Tin Yr Gwydd (1870s, Dyfed)


History & Discovery

An old Victorian cooking apple, going back to at least the 1870’s. The fruit tree is named after its unusual shape rather than its flavour!


This is a very early cooking apple. Can be picked in August and the fruit will last until October. Bright green and then turning gold. The crop can be extremely heavy, even on very young trees. The fruit are very large. Excellent for dried apple rings (White and tangy). Cooks to a brisk, light purée.

Pollination group B.

Rootstock & Eventual Tree Size

All fruit trees are grafted onto rootstocks. The rootstocks determine eventual tree size.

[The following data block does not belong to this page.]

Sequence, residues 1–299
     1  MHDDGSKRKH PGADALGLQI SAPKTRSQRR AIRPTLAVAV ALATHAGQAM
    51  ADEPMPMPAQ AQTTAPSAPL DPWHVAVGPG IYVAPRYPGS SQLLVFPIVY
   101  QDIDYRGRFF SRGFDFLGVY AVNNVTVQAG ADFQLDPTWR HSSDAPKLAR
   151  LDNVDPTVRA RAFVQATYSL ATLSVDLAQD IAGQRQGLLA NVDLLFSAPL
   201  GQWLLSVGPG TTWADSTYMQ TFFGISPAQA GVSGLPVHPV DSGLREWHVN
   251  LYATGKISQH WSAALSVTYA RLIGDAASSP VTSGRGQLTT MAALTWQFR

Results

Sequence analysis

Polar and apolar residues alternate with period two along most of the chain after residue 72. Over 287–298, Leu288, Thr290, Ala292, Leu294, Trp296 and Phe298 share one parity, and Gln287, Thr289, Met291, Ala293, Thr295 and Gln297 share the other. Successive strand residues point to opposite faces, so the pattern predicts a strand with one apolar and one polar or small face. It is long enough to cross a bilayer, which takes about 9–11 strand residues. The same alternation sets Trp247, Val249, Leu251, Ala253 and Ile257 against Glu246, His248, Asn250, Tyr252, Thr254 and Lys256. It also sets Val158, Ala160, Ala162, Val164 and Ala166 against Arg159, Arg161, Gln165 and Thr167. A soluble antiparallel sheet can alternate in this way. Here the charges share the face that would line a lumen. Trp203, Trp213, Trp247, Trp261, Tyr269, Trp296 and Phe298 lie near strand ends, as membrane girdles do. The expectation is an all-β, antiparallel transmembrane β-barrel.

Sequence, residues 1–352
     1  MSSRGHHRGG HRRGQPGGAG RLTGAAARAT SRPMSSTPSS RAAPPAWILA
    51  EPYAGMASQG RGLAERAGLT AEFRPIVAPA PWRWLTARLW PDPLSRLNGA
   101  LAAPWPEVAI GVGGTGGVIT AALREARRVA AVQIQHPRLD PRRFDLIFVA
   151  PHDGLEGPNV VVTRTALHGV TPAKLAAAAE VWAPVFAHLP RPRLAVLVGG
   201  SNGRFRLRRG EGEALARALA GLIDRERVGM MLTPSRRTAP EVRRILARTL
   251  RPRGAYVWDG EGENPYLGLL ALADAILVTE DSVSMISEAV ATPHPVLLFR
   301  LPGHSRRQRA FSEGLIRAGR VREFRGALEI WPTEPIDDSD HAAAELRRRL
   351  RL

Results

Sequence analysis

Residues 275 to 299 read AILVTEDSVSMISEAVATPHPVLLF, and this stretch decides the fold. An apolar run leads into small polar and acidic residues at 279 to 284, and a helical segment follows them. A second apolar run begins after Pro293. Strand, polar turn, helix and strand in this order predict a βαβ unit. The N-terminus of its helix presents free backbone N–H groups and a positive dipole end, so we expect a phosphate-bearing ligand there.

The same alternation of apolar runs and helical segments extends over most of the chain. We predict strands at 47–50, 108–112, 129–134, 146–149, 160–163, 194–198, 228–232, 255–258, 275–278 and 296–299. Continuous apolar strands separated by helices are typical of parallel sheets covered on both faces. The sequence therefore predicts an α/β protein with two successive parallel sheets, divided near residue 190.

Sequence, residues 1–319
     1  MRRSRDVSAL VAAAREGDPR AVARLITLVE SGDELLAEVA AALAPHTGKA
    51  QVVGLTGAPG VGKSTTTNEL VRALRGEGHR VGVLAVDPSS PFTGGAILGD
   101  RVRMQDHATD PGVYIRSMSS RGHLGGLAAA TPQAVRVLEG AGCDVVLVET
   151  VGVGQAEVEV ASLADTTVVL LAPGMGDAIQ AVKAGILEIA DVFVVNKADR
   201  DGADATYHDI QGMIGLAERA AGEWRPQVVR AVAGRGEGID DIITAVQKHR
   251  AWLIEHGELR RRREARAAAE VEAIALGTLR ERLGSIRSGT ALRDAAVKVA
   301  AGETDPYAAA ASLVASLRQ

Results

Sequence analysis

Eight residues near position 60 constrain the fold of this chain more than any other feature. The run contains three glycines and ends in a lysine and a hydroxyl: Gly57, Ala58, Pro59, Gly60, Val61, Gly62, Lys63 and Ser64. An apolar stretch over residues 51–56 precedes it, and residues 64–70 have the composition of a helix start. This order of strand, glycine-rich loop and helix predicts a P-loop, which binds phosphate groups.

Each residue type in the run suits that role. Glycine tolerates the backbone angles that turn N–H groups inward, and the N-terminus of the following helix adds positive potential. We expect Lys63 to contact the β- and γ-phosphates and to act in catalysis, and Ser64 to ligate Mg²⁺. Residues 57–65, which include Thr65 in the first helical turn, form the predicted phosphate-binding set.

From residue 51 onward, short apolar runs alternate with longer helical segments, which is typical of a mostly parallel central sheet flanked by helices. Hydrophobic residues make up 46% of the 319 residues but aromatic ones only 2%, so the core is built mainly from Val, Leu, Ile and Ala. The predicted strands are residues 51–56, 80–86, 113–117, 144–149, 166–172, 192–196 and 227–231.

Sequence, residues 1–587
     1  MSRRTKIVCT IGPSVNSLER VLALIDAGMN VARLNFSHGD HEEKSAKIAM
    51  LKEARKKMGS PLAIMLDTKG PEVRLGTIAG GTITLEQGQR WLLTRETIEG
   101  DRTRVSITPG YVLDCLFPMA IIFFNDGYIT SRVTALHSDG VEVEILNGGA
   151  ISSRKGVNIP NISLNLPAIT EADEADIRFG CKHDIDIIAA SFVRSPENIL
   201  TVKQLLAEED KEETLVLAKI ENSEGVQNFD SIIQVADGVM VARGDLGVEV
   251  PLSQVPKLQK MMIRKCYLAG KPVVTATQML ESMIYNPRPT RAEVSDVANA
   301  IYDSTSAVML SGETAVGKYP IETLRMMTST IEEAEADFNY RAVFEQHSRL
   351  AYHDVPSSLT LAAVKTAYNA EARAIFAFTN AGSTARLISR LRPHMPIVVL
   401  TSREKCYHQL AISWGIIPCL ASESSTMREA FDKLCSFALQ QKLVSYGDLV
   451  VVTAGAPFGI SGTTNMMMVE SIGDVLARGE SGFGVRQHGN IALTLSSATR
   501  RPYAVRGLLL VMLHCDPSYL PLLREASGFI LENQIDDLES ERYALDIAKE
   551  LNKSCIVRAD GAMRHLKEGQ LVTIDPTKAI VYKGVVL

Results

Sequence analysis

Bigger trees are more robust & produce more fruit, but take up more space.
Always choose a bigger rootstock if you need extra anchorage or your soil is poor (very wet, dry or rocky). Small trees cannot compete with grass and weeds.

If you want your fruit tree to remain smaller than its eventual tree size, simply prune back in the summer.

(Unsure about summer pruning? Check out our video guide

Pollination Group B

Bilingual product label and small “Welsh to the Core!” tie-on label (left) included.